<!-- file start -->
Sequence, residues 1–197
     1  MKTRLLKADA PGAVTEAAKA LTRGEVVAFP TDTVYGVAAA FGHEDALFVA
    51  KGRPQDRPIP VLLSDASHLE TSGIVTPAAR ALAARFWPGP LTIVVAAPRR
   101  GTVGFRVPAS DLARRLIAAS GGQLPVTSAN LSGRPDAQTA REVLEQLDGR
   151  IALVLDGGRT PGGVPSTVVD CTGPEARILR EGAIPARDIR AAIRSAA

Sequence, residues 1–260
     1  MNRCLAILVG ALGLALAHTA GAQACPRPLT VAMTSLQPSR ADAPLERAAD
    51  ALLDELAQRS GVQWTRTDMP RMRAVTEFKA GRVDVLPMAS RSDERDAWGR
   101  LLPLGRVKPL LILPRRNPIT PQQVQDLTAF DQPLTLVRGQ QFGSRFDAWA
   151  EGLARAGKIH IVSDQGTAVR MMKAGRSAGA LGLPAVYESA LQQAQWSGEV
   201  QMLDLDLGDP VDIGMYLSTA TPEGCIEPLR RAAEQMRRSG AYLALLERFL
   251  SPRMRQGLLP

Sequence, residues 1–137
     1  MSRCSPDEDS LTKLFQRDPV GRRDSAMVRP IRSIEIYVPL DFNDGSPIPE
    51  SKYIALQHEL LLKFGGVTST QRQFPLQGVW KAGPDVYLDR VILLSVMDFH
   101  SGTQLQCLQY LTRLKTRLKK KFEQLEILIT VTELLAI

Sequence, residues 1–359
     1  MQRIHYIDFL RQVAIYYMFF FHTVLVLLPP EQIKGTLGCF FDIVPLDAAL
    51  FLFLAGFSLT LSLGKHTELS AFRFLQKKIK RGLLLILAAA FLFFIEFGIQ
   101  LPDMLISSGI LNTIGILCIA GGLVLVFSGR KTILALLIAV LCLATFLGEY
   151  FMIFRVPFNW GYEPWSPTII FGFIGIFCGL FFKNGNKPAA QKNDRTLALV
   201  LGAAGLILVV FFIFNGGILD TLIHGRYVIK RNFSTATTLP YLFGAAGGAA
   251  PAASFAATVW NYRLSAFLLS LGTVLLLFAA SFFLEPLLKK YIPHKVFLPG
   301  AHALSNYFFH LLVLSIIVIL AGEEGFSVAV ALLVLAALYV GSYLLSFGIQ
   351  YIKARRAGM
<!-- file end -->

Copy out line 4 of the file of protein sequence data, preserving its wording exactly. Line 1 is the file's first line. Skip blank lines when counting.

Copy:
   101  GTVGFRVPAS DLARRLIAAS GGQLPVTSAN LSGRPDAQTA REVLEQLDGR